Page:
As you should know by now, Yr Wonkette is inextricably drawn to stories of worker solidarity (or the glaring need for it), and also to stuff that's just unspeakably gross. So this Los Angeles Times story on how the pandemic has managed to make the job of hotel housekeeping staff even more dangerous and stressful was right up our alley, because it makes us want to 1) march in the streets for better working conditions, and also to 2) gag.
There, we think we may have sufficiently warned you that we're going to be sharing the very grossest details from the subscribers-only story. (What, the LA Times only wants paid subscribers to read the muckraking?) If you're easily nauseated, go read something nice about vegan baby buttholes instead.
Times staff writer Hugo Martin knows that you need a good catchy lede, so he wastes no time getting to the ick, letting us know that in 21 years, housekeeper Christina Velasquez has seen travelers leave behind some ungodly messes, but that the state of a room at Hollywood's Hilton Garden Inn "still haunts her" (last chance to jump ship, queasy readers!):
As she stepped in, she was hit with what smelled like dead animals and the sight of blood on the bedsheets. Lots of blood. Also, maggots and hypodermic needles. Velasquez reported it to her manager, who merely told her to clean it up as fast as possible. She was on a tight schedule. There was no time to investigate.
“It was gross,” Velasquez said in Spanish. “I lost my appetite that day.”
The article emphasizes that this isn't just a story about disgusting messes, but also very much about labor conditions: The pandemic has led most hotels to make daily room cleaning optional, which has led to more and more shit — sometimes literally — piling up in rooms where guests stay multiple days. That's not just more work for housekeepers, but also more dangerous, since many human beings are disgusting garbage animals.
Capitalism? More like crapitalism.
Martin notes that demand for hotels in Southern California and much of the country is at or near pre-pandemic levels, but hotels haven't returned to pre-pandemic levels of staffing, so a smaller number of housekeepers have to clean bigger messes in about the same time that they used to, when only a single day's worth of filth had accumulated.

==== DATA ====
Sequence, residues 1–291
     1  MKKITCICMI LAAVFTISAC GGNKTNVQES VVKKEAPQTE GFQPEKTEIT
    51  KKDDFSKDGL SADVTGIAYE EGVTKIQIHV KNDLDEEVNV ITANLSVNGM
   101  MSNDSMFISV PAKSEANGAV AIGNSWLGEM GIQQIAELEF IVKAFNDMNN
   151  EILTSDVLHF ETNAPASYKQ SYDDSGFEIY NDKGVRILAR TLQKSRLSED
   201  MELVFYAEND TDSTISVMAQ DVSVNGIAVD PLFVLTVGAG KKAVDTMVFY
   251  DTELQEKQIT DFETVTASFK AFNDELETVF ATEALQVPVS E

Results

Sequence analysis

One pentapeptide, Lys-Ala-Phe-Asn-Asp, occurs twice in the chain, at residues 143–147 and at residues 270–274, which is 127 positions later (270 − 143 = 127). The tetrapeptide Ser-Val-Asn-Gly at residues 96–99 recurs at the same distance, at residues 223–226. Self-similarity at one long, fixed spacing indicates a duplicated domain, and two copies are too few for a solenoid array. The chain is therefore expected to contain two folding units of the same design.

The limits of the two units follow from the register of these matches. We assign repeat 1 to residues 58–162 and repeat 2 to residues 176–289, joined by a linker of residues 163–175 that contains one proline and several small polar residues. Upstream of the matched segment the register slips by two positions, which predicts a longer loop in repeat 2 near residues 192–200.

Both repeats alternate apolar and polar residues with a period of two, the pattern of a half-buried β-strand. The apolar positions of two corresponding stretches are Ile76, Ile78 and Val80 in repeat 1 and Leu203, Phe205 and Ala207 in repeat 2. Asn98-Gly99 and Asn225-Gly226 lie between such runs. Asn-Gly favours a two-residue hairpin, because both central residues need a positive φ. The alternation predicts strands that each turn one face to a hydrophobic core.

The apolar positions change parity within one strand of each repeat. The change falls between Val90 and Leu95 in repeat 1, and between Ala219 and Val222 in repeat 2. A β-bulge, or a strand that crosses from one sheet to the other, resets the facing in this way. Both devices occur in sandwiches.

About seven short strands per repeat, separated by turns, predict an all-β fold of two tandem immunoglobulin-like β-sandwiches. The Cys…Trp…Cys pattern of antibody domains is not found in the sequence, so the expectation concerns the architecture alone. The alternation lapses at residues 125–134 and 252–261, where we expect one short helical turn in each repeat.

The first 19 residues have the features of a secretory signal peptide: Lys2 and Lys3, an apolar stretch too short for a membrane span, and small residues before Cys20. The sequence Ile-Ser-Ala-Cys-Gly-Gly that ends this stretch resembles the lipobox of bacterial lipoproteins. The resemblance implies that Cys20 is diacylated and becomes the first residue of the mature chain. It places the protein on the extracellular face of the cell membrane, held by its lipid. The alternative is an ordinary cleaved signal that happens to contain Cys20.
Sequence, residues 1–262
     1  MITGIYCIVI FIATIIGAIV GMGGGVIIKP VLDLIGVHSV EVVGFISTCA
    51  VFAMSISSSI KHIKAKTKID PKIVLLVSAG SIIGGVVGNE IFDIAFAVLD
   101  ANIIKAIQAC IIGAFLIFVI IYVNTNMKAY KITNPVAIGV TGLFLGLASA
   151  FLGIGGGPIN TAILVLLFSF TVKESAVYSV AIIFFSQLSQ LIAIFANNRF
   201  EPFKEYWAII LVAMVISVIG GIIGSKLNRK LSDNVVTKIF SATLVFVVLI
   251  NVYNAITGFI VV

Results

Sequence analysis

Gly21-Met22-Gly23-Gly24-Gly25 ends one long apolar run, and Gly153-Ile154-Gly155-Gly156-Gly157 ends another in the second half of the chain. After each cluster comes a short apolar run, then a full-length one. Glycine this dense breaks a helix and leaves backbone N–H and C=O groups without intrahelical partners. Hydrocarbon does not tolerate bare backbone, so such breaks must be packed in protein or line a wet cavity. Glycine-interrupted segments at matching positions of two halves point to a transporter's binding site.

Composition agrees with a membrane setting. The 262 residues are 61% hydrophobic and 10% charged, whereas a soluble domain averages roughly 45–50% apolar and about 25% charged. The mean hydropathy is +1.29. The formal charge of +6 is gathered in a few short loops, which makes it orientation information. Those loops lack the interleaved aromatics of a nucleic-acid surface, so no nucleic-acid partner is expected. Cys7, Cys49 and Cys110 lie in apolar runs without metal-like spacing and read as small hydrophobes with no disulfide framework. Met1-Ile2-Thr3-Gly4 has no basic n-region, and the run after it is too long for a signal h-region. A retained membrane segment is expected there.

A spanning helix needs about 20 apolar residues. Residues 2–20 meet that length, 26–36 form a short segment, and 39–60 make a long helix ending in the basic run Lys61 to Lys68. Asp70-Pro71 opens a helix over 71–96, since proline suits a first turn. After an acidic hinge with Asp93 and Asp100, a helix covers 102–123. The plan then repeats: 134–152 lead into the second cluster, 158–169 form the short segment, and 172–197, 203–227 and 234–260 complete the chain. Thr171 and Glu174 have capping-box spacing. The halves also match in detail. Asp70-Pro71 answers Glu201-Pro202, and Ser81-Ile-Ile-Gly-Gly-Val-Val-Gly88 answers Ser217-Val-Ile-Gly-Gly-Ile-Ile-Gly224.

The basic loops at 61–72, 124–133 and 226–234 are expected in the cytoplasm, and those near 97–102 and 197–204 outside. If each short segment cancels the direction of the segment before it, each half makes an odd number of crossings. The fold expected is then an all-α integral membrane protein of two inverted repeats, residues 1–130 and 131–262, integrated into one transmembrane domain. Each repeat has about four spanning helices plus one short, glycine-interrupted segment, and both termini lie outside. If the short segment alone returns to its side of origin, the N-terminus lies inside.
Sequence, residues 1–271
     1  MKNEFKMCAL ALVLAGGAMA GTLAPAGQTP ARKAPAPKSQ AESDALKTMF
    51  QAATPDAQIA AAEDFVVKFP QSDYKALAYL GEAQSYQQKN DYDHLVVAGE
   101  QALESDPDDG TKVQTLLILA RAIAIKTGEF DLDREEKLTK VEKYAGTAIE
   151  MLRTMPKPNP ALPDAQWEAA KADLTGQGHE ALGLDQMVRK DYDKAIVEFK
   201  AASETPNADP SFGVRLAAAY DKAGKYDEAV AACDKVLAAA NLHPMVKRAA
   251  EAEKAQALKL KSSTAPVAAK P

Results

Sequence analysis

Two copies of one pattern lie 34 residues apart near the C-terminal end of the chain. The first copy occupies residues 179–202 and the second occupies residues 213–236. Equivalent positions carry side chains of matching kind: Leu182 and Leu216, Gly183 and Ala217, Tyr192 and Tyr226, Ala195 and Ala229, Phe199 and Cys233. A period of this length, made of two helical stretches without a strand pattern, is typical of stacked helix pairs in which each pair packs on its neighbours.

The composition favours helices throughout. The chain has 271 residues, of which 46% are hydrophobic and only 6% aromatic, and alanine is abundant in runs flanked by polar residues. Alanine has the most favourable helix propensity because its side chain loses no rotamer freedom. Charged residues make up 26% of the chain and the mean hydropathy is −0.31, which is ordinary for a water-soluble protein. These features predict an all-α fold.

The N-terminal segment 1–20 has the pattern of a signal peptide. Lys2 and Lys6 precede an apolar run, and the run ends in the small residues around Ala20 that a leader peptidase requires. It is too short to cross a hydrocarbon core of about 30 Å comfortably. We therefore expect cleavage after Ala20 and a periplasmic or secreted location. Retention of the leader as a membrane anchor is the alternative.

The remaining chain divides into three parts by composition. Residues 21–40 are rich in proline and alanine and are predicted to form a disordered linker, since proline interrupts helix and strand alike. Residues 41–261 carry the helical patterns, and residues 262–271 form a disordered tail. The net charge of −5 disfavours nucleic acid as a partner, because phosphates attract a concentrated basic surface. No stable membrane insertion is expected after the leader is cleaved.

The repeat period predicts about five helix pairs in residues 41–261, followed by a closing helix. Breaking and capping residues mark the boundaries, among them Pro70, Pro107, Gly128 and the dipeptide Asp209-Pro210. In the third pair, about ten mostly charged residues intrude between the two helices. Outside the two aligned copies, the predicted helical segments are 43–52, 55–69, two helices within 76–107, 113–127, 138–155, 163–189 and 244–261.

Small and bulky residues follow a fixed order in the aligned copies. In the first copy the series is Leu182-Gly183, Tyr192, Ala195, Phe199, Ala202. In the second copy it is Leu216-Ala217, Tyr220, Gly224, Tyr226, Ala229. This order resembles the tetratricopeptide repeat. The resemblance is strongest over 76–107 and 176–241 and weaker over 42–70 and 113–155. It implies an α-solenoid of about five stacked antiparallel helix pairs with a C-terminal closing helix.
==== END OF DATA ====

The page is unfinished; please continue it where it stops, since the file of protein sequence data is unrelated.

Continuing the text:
In Southern California, about 70% of the housekeepers have been rehired since hotels were shut down and thousands of workers were furloughed at the onset of the pandemic, according to Unite Here, Local 11, a union that represents hospitality workers in Southern California and Arizona.
The messes housekeepers are reporting include mounds of fast-food wrappers, piles of dirty towels, containers of half-eaten takeout food, floors sticky with spilled drinks and, occasionally, feces smeared on bathroom walls. One housekeeper shared a photo with The Times of a bed covered in hundreds of nitrous oxide capsules, manufactured for whip cream dispensers but often used by people who inhale the gas to get a quick dizzying high.
Unite Here represents some 32,000 hotel and airport workers; co-president Kurt Peterson says that the new policies have meant that
fewer housekeepers are now required to perform roughly the same number of daily cleanings on the same short deadlines as before the pandemic, but increased messiness makes those jobs more labor-intensive. [...]
“The pandemic has been an unmitigated, nonstop health and safety disaster for housekeepers,” Petersen said. “Cleaning a room that has been left untouched for days is not only more difficult and time-consuming, but it is far less safe for guests and workers.”